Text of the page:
Letter from the Editor: How Big is Your Bucket

Outside the window several inches of heavy snow have turned the Gallatin Valley into a winter wonderland. The white stuff is a blanket of promise at the start of this long season — some cross country ski trails in town are already groomed, the ski clubs leap for joy as dryland practices shift to real skiing, the hockey fanatics are watching the weather report in hopes that they may pour the ice a little earlier this year, and a ski patrol friend reports the beginnings of good coverage at Bridger Bowl.

Yet amidst the news of winter, I also received an invitation to mountain bike a new loop, to squeeze in the last ride of the season. Reluctantly, I rebuffed the invite, with work as my excuse, but I had to admit that with a forecast of 38 degrees as a high and snow predicted, it didn’t sound very fun anyway. I realized my regret was not so much in saying no, but in saying goodbye to warmer months, and even more so in thinking about all the things I didn’t get a chance to do. That list is long.

In the 16 years I’ve lived in Montana and the many in Wyoming before that, I’ve never floated the Missouri River or fished the Paradise Valley spring creeks or mountain biked in Idaho or set foot on The Grand Teton. There hasn’t been time to bird hunt in Eastern Montana, nor hike the Wind River Range, nor ice-climb Targhee. Abashedly, I’ll admit I’ve never been on a sleigh ride nor slept in a yurt. I have not travelled a dinosaur trail, stayed at a famous dude ranch nor panned for gold. What?!, you might say, incredulous. In my defense I can provide a litany of memorable adventures I have had in the region. But, as you know, there is so much to do and see.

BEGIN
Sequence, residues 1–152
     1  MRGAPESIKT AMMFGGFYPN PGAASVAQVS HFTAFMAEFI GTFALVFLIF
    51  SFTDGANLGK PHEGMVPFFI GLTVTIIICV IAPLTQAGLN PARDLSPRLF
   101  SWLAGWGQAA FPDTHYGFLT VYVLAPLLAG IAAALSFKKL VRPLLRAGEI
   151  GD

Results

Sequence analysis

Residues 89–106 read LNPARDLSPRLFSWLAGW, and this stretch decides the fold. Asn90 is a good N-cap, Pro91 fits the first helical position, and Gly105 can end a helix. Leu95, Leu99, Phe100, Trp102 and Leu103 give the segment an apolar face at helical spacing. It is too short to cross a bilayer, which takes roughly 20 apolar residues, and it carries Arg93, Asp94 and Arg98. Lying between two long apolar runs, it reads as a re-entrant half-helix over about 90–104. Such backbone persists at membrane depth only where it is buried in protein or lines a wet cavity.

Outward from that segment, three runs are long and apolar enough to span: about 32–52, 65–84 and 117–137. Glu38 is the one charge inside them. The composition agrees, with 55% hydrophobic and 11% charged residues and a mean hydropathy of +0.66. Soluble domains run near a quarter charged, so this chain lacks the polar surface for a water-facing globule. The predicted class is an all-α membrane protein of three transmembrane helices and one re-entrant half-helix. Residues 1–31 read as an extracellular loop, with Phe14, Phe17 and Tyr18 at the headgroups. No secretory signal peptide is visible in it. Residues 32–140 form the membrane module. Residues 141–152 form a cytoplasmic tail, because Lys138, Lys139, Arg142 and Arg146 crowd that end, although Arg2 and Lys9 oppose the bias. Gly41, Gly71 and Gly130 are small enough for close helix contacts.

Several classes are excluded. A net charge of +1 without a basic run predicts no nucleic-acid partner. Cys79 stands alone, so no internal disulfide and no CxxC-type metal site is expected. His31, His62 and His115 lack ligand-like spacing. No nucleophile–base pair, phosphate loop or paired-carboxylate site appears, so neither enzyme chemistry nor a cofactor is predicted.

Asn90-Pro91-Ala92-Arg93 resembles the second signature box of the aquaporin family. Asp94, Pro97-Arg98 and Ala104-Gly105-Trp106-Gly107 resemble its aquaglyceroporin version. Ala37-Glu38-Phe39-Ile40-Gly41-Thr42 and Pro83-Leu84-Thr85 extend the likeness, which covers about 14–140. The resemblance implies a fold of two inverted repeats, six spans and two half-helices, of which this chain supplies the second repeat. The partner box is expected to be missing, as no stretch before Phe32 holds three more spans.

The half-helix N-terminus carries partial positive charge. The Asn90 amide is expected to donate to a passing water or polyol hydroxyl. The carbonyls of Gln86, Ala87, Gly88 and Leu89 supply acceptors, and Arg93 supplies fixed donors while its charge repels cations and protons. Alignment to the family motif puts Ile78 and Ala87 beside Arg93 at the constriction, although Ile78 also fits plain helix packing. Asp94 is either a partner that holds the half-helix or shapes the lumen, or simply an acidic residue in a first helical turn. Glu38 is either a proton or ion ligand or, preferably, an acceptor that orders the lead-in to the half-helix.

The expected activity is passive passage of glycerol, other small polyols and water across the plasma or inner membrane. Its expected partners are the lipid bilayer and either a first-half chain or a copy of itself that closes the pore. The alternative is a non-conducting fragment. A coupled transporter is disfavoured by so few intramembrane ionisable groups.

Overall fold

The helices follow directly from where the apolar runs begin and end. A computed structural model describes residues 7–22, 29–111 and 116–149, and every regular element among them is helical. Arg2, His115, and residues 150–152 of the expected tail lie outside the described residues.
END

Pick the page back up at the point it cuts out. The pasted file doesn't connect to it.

So, in response to all the should-haves and could-haves that each of us rack up year upon year, in this issue we’ve compiled the ultimate directory of things-to-do in the Northern Rockies, from extreme to easy. In addition to our regular editorial roster, check out our 2010 Big Sky Journal List. We have highlighted some of the best excursions and idylls in Montana, Wyoming and Idaho. The endeavor was simple. The BSJ staff asked: What is on your bucket list in Big Sky Country? The answer is more complex: How big is your bucket?

The 2010 BSJ List is a chance to look forward to incredible adventures to come. It seems the sky is the limit! Tell us what you have on your ultimate to-do list: write a good, old-fashioned letter or go cyber and post your top five Northern Rockies goals on our website, www.BigSkyJournal.com or at www.facebook.com/bigskyjournal.


Happy holidays,

Seabring Davis

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